380* : root=/dev/ram0 init=/linuxrc real_root=/dev/$ROOT
381* where $ROOT is the devicenode for your root partition as
382* you should have specified in /etc/fstab
383*
384* You MUST tell your bootloader to use the generated initrd
385*
386* Recommended Kernel Params:
387* : vga=0x317 splash=verbose
388*
389* Do NOT report kernel bugs (configs included) as genkernel bugs.
390* Make sure you have the latest genkernel before reporting bugs
391*
392* For more info see /usr/share/genkernel/README
393</pre> 318</pre>
394 319
395<p> 320<p>
396Once <c>genkernel</c> completes, a kernel, full set of modules and 321Once <c>genkernel</c> completes, a kernel, full set of modules and <e>initial
397<e>initial root disk</e> (initrd) will be created. We will use the kernel 322ram disk</e> (initramfs) will be created. We will use the kernel and initrd when
398and initrd when configuring a boot loader later in this document. Write 323configuring a boot loader later in this document. Write down the names of the
399down the names of the kernel and initrd as you will need it when writing 324kernel and initrd as you will need it when writing the bootloader configuration
400the bootloader configuration file. The initrd will be started immediately after 325file. The initrd will be started immediately after booting to perform hardware
401booting to perform hardware autodetection (just like on the Live CD) before 326autodetection (just like on the Installation CD) before your "real" system
402your "real" system starts up. 327starts up.
403</p> 328</p>
404 329
405<pre caption="Checking the created kernel image name and initrd"> 330<pre caption="Checking the created kernel image name and initrd">
406# <i>ls /boot/kernel* /boot/initrd*</i> 331# <i>ls /boot/kernel* /boot/initramfs-*</i>
407</pre>
408
409<p>
410Now, let's perform one more step to get our system to be more like the Live
411CD -- let's emerge <c>hotplug</c>. While the initrd autodetects hardware that
412is needed to boot your system, <c>hotplug</c> autodetects everything else.
413To emerge and enable <c>hotplug</c>, type the following:
414</p>
415
416<pre caption="Emerging and enabling hotplug">
417# <i>emerge hotplug</i>
418# <i>rc-update add hotplug default</i>
419</pre> 332</pre>
420 333
421</body> 334</body>
422</section> 335</section>
423<section id="kernel_modules"> 336<section id="kernel_modules">
424<title>Installing Separate Kernel Modules</title> 337<title>Kernel Modules</title>
338
425<subsection> 339<subsection>
426<title>Installing Extra Modules</title> 340<include href="hb-install-kernelmodules.xml"/>
427<body>
428
429<p>
430If appropriate, you should emerge ebuilds for any additional hardware that is
431on your system. Here is a list of kernel-related ebuilds that you could emerge:
432</p>
433
434<table>
435<tcolumn width="1in"/>
436<tcolumn width="4in"/>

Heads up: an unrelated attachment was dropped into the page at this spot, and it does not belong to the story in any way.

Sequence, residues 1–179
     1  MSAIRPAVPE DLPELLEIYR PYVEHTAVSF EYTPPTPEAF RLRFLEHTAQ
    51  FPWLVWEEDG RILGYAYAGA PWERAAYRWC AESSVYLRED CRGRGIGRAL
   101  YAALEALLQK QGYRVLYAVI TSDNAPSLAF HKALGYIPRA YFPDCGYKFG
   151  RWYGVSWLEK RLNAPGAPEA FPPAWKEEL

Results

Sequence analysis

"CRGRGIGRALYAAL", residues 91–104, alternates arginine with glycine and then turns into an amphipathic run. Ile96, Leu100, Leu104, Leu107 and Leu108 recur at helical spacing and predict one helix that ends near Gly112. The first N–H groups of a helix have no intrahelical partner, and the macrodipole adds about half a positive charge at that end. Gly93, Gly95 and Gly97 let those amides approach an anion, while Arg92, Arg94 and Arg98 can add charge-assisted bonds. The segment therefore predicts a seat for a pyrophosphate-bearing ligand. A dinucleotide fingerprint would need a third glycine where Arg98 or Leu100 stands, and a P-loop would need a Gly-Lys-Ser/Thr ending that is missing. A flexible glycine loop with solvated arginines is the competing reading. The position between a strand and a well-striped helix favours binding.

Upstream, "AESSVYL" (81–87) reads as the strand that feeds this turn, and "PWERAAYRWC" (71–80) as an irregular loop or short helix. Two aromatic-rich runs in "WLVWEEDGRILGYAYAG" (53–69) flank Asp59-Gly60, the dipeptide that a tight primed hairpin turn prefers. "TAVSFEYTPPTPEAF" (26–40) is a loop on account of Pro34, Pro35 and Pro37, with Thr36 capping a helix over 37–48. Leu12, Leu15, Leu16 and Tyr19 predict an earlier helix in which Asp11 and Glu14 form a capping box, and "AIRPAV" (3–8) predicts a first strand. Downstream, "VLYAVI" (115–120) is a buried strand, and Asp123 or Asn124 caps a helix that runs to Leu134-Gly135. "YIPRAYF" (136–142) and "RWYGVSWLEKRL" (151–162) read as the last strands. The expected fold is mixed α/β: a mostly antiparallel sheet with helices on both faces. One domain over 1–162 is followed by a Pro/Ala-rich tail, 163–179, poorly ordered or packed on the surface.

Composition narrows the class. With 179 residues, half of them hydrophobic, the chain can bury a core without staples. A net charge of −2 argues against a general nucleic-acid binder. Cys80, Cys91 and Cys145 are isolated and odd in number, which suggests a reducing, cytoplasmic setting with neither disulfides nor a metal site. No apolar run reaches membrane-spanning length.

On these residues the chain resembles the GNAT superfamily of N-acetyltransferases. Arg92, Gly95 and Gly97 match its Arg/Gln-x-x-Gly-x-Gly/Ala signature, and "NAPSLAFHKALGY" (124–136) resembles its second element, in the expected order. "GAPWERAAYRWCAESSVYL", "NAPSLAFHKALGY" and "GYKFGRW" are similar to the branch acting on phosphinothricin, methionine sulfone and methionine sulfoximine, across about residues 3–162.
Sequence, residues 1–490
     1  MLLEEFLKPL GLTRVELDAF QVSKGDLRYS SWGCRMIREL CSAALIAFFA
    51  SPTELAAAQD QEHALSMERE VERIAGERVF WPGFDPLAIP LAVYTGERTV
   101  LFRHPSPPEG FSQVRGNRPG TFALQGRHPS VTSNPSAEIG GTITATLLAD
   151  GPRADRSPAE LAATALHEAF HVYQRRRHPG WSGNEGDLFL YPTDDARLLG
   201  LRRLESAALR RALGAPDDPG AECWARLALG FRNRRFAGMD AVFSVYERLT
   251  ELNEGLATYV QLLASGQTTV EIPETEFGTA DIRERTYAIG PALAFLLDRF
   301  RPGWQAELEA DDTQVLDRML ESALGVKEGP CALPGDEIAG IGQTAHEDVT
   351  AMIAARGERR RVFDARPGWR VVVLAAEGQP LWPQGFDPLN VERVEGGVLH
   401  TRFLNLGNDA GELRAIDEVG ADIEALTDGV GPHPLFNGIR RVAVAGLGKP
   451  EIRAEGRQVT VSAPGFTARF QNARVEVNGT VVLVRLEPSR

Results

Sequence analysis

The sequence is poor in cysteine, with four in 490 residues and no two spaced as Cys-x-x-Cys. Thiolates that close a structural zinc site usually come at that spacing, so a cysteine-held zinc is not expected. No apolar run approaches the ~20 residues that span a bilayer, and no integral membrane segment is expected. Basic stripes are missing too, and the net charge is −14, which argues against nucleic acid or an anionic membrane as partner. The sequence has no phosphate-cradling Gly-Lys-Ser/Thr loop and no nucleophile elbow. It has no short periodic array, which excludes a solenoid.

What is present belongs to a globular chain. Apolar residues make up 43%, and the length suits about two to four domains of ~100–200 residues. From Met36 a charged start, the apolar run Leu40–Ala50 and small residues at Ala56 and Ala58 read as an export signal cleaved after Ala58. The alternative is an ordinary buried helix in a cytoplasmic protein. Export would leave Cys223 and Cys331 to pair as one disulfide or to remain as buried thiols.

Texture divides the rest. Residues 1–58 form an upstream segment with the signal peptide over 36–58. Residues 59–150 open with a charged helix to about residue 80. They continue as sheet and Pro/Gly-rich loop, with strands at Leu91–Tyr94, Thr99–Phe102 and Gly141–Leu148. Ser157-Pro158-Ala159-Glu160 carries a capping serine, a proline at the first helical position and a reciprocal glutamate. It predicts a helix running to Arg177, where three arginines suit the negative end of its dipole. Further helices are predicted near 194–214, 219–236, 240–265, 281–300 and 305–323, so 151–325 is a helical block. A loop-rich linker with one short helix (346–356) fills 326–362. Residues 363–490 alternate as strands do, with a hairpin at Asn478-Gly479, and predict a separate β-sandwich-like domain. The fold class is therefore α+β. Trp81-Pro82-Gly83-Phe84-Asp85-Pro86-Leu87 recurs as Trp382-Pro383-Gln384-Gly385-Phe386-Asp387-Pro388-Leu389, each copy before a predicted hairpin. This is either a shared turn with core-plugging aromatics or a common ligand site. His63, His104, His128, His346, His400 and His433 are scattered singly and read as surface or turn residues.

437<tcolumn width="2in"/>
438<tr>
439 <th>Ebuild</th>
440 <th>Purpose</th>
441 <th>Command</th>
442</tr>
443<tr>
444 <ti>xfree-drm</ti>
445 <ti>
446 Accelerated graphics for ATI Radeon up to 9200, Rage128, Matrox, Voodoo and
447 other cards for XFree86. Please check the <c>IUSE_VIDEO_CARDS</c> variable
448 in the <path>/usr/portage/x11-base/xfree-drm</path> ebuilds to see what you
449 need to fill in as <c>yourcard</c>.
450 </ti>
451 <ti><c>VIDEO_CARDS="yourcard" emerge xfree-drm</c></ti>
452</tr>
453</table>
454
455<p>
456Beware though, some of these ebuilds might deal with big dependencies. To verify
457what packages will be installed by emerging an ebuild, use <c>emerge
458--pretend</c>. For instance, for the <c>xfree-drm</c> package:
459</p>
460
461<pre caption="View full installation package listing">
462# <i>emerge --pretend xfree-drm</i>
463</pre>
464
465</body>
466</subsection>
467<subsection> 341</subsection>
468<title>Configuring the Modules</title>
469<body>
470 342
471<p>
472You should list the modules you want automatically loaded in
473<path>/etc/modules.autoload.d/kernel-2.4</path> (or <path>kernel-2.6</path>).
474You can add extra options to the modules too if you want.
475</p>
476
477<p>
478To view all available modules, run the following <c>find</c> command. Don't
479forget to substitute "&lt;kernel version&gt;" with the version of the kernel you
480just compiled:
481</p>
482
483<pre caption="Viewing all available modules">
484# <i>find /lib/modules/&lt;kernel version&gt;/ -type f -iname '*.o' -or -iname '*.ko'</i>
485</pre>
486
487<p>
488For instance, to automatically load the <c>3c59x.o</c> module, edit the
489<path>kernel-2.4</path> or <path>kernel-2.6</path> file and enter the module
490name in it.
491</p>
492
493<pre caption="Editing /etc/modules.autoload.d/kernel-2.4">
494<comment>(Example for 2.4 kernels)</comment>
495# <i>nano -w /etc/modules.autoload.d/kernel-2.4</i>
496</pre>
497
498<pre caption="/etc/modules.autoload.d/kernel-2.4 or kernel-2.6">
4993c59x
500</pre>
501
502<p>
503Now run <c>modules-update</c> to commit your changes to the
504<path>/etc/modules.conf</path> file:
505</p>
506
507<pre caption="Running modules-update">
508# <i>modules-update</i>
509</pre>
510
511<p>
512Continue the installation with <uri link="?part=1&amp;chap=8">Configuring
513your System</uri>.
514</p>
515
516</body>
517</subsection>
518</section> 343</section>
519</sections> 344</sections>